North and South/Te Ika-a-Māui and Te Waipounamu

The New Zealand Geographic Board, Ngā Pou Taunaha o Aotearoa (NZGB) is currently undertaking a consultation process to decide whether to formalise the names North Island and Te Ika-a-Māui (meaning the fish of Māui) and the South Island and Te Waipounamu (meaning greenstone waters). The names, if accepted, could be used individually or together. Our great Te Ara design team has done a mock up that shows what the names might look like together.

Renaming is often a tricky thing, with particularly contentious name changes in the past being Taranaki/Mt Egmont and more recently Wanganui/Whanganui. However, the recent announcement sparked less outrage than parody, largely on Twitter.

A large number of alternate suggestions for the North and South islands have appeared, which largely play on Kiwi culture, and my favourites are:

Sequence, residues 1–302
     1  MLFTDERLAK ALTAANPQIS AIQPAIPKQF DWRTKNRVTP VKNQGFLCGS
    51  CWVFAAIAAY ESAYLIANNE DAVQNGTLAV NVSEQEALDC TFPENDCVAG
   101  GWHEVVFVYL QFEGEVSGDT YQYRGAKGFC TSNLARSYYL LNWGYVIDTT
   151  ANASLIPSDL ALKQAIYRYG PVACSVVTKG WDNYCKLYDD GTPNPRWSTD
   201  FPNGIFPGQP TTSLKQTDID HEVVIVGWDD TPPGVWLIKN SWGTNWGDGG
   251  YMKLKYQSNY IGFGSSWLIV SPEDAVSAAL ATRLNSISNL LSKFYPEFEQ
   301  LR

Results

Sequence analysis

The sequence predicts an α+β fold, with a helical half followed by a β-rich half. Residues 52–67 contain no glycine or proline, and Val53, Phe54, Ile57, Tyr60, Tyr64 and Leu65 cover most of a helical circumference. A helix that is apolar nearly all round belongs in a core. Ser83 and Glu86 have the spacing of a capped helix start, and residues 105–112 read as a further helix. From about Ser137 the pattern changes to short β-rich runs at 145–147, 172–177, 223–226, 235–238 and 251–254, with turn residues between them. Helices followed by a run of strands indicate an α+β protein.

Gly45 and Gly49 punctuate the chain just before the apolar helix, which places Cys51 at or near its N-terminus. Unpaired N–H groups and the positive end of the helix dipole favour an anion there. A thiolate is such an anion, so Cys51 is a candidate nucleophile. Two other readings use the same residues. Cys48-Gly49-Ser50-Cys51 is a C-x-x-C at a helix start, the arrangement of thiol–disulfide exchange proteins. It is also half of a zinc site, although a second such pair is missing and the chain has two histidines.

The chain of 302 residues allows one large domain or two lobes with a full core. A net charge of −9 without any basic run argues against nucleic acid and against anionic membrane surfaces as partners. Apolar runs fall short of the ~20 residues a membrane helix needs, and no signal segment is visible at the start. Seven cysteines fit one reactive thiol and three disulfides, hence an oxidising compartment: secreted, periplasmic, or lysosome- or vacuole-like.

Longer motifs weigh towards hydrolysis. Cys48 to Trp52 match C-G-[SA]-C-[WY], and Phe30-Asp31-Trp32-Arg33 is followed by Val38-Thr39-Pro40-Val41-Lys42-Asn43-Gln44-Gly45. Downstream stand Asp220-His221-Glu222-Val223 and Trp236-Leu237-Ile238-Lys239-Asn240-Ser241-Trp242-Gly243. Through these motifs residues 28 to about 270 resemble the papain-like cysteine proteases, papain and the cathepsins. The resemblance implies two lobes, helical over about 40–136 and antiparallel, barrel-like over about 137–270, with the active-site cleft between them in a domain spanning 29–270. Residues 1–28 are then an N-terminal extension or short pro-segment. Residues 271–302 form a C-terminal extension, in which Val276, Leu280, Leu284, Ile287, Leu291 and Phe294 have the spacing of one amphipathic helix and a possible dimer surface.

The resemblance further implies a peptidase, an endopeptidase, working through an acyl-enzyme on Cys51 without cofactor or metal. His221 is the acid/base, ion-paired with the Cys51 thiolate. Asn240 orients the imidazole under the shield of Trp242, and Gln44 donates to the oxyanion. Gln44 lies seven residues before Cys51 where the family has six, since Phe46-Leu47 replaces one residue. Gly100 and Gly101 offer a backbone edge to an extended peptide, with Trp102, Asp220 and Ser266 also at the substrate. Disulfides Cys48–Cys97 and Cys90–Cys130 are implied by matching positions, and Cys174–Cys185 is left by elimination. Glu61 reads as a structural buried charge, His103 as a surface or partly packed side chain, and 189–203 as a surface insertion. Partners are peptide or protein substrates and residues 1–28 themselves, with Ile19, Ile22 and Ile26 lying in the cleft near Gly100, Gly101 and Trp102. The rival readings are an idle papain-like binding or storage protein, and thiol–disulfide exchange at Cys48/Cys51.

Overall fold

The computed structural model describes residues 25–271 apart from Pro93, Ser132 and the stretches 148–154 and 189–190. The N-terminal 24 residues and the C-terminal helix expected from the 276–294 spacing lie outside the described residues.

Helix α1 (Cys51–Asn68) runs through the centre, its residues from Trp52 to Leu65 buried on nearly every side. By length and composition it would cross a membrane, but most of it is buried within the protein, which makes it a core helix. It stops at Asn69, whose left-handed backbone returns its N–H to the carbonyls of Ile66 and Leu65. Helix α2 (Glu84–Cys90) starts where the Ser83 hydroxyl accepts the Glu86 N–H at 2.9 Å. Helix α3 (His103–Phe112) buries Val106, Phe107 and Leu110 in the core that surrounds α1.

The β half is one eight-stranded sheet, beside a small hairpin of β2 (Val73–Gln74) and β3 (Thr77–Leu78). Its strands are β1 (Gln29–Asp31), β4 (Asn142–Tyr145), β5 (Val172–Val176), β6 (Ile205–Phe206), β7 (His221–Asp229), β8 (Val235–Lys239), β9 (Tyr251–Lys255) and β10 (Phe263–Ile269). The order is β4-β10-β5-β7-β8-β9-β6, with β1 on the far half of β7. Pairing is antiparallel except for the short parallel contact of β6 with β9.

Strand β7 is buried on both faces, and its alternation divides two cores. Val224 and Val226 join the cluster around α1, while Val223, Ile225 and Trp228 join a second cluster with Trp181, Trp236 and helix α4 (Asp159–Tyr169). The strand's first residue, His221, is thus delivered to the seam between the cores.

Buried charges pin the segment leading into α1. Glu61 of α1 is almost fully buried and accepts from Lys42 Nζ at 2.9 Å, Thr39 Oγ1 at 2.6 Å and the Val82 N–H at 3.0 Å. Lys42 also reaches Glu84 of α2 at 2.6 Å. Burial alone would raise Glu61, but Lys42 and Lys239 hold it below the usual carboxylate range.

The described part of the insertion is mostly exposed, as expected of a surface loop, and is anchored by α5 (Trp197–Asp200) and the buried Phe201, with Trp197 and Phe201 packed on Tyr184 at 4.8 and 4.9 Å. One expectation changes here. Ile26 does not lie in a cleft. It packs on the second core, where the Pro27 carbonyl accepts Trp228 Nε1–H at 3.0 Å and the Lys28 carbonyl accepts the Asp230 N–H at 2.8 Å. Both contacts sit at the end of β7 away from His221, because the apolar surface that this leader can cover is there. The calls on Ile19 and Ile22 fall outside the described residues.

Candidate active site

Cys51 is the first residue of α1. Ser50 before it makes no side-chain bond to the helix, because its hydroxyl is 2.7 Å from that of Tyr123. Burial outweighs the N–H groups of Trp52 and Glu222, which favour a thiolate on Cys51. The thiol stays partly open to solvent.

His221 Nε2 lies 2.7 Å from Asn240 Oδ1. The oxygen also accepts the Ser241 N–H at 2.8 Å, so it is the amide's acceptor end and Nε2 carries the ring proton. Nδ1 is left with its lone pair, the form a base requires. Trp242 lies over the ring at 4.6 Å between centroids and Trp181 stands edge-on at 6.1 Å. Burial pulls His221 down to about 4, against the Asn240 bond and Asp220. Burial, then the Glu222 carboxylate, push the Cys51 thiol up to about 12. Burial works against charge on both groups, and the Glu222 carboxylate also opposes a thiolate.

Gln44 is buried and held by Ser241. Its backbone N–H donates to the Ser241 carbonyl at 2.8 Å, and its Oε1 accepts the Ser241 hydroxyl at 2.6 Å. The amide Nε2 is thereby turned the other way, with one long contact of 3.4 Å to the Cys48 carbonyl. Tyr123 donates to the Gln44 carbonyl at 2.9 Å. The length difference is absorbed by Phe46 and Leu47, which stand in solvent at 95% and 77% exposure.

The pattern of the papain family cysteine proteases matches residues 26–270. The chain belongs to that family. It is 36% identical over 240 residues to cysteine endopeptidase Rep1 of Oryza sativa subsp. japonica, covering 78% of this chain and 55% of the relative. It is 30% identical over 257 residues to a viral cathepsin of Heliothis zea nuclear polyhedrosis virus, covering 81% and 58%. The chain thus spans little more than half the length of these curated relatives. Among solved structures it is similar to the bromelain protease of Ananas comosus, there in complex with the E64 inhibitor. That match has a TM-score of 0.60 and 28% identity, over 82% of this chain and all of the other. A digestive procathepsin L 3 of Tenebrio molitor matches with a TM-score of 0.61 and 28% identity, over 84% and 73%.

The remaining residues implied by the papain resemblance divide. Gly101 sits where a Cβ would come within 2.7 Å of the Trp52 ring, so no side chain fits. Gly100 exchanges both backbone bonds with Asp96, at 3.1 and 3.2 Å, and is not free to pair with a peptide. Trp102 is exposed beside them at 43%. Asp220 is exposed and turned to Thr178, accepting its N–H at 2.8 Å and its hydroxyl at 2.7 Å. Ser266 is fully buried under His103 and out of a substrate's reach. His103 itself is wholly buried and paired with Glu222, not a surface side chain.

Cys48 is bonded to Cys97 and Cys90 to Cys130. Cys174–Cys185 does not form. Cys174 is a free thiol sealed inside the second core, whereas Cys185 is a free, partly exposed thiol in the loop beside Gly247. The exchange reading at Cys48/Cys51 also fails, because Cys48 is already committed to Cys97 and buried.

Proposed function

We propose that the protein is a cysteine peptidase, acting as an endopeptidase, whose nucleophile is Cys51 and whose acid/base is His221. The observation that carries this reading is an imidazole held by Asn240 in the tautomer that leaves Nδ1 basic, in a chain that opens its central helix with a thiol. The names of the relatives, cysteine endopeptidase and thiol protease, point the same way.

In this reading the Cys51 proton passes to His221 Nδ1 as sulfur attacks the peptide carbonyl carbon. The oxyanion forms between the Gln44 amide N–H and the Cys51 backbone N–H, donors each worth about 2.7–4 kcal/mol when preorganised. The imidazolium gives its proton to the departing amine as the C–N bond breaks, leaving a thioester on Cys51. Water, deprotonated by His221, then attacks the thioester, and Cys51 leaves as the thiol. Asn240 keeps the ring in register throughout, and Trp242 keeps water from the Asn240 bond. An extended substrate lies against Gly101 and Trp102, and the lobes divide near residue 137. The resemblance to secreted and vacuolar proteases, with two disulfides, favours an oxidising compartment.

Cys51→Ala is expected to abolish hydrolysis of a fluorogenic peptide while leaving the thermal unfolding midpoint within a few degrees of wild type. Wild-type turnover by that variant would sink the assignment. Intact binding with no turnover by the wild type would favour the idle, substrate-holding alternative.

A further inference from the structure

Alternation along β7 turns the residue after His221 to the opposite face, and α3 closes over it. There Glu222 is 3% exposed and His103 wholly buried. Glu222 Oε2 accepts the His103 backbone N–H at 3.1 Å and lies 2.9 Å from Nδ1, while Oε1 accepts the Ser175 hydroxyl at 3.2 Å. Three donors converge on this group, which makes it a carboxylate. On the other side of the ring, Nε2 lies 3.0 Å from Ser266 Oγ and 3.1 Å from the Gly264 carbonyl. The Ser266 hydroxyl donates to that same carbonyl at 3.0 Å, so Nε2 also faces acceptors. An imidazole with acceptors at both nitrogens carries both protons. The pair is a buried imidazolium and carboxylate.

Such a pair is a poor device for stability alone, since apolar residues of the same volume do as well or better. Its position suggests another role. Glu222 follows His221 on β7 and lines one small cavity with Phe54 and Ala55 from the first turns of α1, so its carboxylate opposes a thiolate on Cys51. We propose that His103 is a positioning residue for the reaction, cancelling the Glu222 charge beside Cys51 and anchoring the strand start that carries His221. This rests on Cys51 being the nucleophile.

I’ve previously talked about historical names for the North and South islands on this blog. Additionally, the NZGB has noted other historical names, both Māori and English, for the North and South Islands in its useful FAQ.

I suspect that when the board makes its final recommendation, followed by a decision from the Minister for Land Information, that it will pass through with a minimum of fuss, save a brief reinvigoration of the hunt to find better alternate names on the #NZislands hashtag.

One comment added so far

  1. Comment made by malcolm mckinnon || May 8th, 2013

    It’s interesting, as the Geographic Board has indeed noted that the two preferred Māori names have a Pākehā history as well. They appear (if Cook’s ‘Aeheinomouwe’ is considered a rendering of Te Ika-a-Māui, though the Board is sceptical about that)on the first maps of the islands. And they featured, in prominent placement, on Department of Lands and Survey maps which depicted the whole of one or other island, in the 1890s and 1900s. The Board says it ‘doesn’t know’ why the names disappeared off official maps from the 1950s but while the names were used through the 19th century the prominence with which they feature at the turn of the century is distinctive and may relate to the more general official enthusiasm for Māori place names at that time.

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